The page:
Rattlesnake Bites and Symptoms
Most rattlesnake bites contain hemotoxic elements which damage tissue and affect the circulatory system by destroying blood cells, skin tissues and causing internal hemorrhaging. Rattlesnake venom also contains neurotoxic components which immobilize the nervous system, affecting the victim's breathing, sometimes stopping it. Most rattlesnakes have venom composed primarily of hemotoxic properties. Baby rattlesnakes and the Mojave rattler are the exception; they have venom which contains more neurotoxic properties than hemotoxic which makes them very dangerous. The sea snake, coral snake, and cobra family of snakes also have venom with dominant neurotoxic characteristics. (Brown, 1997).
Current statistics have indicated that more rattlesnake bite victims are showing symptoms of neurotoxic venom than in previous years. This leads to the question "Is rattlesnake venom becoming more neurotoxic?" Reasearch is being conducted to understand why we are seeing more neurotoxic systems in victims. Read more about this topic.
Symptoms of a Rattlesnake Bite
- One or two puncture marks
- Pain, tingling or burning at the area of the bite
- Swelling at the area of the bite
- Bruising and discoloration at the site of the bite
- Nausea, weakness and lightheadedness.
- Difficulty breathing
First Aid for Snakebites
(This first aid for snakebites information was provided by the U.S. Food & Drug Administration (FDA) and the American Red Cross)
According to the American Red Cross, these steps should be taken:
- Wash the bite with clean water and soap.
- Immobilize the bitten area and keep it lower than the heart.
- If the bite is on the hand or arm remove any rings, watches or tight clothing.
- Get medical help immediately.
Most bites don't occur in isolated situations where the victim may be a long distance from medical help. However if they do, some medical professionals, along with the American Red Cross, cautiously recommend two other measures:
- If a victim is unable to reach medical care within 30 minutes, a bandage, wrapped two to four inches above the bite, may help slow venom. The bandage should not cut off blood flow from a vein or artery. A good rule of thumb is to make the band loose enough that a finger can slip under it.
- A suction device may be placed over the bite to help draw venom out of the wound without making cuts. Suction instruments often are included in commercial snakebite kits.
How NOT to Treat a Snakebite
Snakebite first aid methods are not always agreed upon by U.S. medical professionals, but they are nearly unanimous in their views of what NOT to do.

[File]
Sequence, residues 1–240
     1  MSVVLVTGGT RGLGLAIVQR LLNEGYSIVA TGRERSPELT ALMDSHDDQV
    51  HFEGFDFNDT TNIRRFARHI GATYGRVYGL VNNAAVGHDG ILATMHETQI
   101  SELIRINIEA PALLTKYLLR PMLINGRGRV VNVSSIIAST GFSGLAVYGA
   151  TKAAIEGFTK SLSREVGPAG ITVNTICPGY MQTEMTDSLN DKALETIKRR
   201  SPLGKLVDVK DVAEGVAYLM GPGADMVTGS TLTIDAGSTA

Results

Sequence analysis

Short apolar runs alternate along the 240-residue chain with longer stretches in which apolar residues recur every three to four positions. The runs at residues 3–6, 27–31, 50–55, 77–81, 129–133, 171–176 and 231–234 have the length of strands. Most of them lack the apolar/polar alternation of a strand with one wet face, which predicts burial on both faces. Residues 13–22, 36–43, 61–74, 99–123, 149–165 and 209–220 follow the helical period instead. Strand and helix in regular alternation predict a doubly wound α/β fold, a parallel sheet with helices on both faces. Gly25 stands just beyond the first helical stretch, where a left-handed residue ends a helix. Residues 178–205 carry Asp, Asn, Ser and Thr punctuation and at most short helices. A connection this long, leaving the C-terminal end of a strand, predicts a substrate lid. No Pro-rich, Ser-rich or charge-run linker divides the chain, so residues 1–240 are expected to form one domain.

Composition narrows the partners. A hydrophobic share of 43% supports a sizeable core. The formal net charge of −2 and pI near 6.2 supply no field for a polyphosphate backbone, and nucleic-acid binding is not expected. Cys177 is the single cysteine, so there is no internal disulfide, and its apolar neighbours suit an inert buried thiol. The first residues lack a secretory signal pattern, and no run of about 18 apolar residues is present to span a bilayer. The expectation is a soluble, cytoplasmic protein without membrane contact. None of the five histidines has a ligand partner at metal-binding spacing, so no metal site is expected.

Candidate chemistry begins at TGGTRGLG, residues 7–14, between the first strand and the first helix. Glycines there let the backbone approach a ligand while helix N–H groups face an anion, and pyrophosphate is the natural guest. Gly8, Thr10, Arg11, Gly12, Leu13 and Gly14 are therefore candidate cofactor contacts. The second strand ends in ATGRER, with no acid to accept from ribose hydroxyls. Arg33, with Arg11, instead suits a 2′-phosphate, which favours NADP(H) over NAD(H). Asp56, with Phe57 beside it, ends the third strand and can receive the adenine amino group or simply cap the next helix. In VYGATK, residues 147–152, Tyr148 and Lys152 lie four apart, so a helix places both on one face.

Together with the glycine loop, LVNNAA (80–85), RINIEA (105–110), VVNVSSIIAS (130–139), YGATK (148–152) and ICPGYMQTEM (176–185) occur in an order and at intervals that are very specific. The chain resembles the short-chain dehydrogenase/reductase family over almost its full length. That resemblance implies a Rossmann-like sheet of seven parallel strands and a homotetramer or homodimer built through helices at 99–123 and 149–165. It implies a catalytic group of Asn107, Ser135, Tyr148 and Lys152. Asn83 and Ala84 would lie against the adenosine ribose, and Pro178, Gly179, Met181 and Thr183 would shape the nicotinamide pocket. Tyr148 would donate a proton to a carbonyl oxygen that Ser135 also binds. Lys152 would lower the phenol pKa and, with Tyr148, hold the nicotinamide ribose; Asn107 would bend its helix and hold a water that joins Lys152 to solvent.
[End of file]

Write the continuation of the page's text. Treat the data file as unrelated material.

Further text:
- NO ice or any other type of cooling on the bite. Research has shown this to be potentially harmful.
- NO tourniquets. This cuts blood flow completely and may result in loss of the affected limb.
- NO electric shock. This method is under study and has yet to be proven effective. It could harm the victim.
- NO incisions in the wound. Such measures have not been proven useful and may cause further injury.
Treatment of venomous snakebites is often controversial, even within the medical profession. In all cases contact medical help immediately if treatment is needed.
Several cases have been reported where neurotoxic symptoms occurred when the victims where bitten by nonneurotoxic rattlesnake species. Researchers have several theories to explain how it may be possible for a rattlesnake's venom to become more neurotoix and therefore more dangerous.
Researchers are not sure what has caused the shift in the composition of rattlesnake venom to include both hemotoxic and neurotoxic components. Interbreeding of the Mojave Rattlesnake (a neurotoxic species of rattler) with hemotoxic rattlers is one theory. Other theories support the coevolution of predator and prey. Many of the hemotoxic rattler's prey (squirrels, mice, and other small animals) have a gene to make them more resistent to hemotoxic venom. Only rattlesnakes with more neurotoxin will be able to feed on the hemotoxic-resistent animals, thus making those rattlers with Neurotoxic venom stronger and more likely to survive.
"Whether the apparent shift to more neurotoxic venom in rattlesnakes is attributable to snake demographics, to hybridization and gene flow, or to the coevolution of predator and prey, doctors must now use much more antivenom to treat bites. (Steve Grenard, 2000)"
"There are two types of antivenin (sometimes called "antivenom") in use today. They are derived from antibodies created in the blood of a horse or sheep when the animal is injected with snake venom. In humans, antivenin is injected either through the veins or into muscle, and it works by neutralizing snake venom that has entered the body. The first antivenin, derived from horse blood, was introduced in the United States in 1954. Because this antivenin is obtained from horses, snakebite victims who are sensitive to horse proteins must be carefully managed. The danger is that they could develop an adverse reaction or even a potentially fatal allergic condition called anaphylactic shock.
"Newer kinds of antivenins derived from sheep have been studied, and one (CroFab) is now licensed for use in the United States. This sheep antibody preparation has been digested with an enzyme to reduce the risk of allergic reactions. The enzyme treatment also allows the antivenin to be cleared from the body more rapidly, so that additional treatments may need to be given." (www.FDA.gov)
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